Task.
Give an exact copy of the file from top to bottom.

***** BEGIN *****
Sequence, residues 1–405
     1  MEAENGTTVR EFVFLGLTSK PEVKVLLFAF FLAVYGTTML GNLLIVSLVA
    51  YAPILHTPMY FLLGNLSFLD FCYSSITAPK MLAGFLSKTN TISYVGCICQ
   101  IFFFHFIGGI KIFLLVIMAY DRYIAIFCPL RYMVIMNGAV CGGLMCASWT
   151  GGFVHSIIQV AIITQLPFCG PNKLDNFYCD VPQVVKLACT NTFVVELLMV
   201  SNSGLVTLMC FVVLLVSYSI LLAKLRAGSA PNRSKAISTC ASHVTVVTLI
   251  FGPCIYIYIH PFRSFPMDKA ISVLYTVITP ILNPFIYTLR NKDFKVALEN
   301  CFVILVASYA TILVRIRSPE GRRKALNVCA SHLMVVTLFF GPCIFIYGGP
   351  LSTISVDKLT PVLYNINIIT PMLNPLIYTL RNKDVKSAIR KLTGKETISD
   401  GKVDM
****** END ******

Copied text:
Sequence, residues 1–405
     1  MEAENGTTVR EFVFLGLTSK PEVKVLLFAF FLAVYGTTML GNLLIVSLVA
    51  YAPILHTPMY FLLGNLSFLD FCYSSITAPK MLAGFLSKTN TISYVGCICQ
   101  IFFFHFIGGI KIFLLVIMAY DRYIAIFCPL RYMVIMNGAV CGGLMCASWT
   151  GGFVHSIIQV AIITQLPFCG PNKLDNFYCD VPQVVKLACT NTFVVELLMV
   201  SNSGLVTLMC FVVLLVSYSI LLAKLRAGSA PNRSKAISTC ASHVTVVTLI
   251  FGPCIYIYIH PFRSFPMDKA ISVLYTVITP ILNPFIYTLR NKDFKVALEN
   301  CFVILVASYA TILVRIRSPE GRRKALNVCA SHLMVVTLFF GPCIFIYGGP
   351  LSTISVDKLT PVLYNINIIT PMLNPLIYTL RNKDVKSAIR KLTGKETISD
   401  GKVDM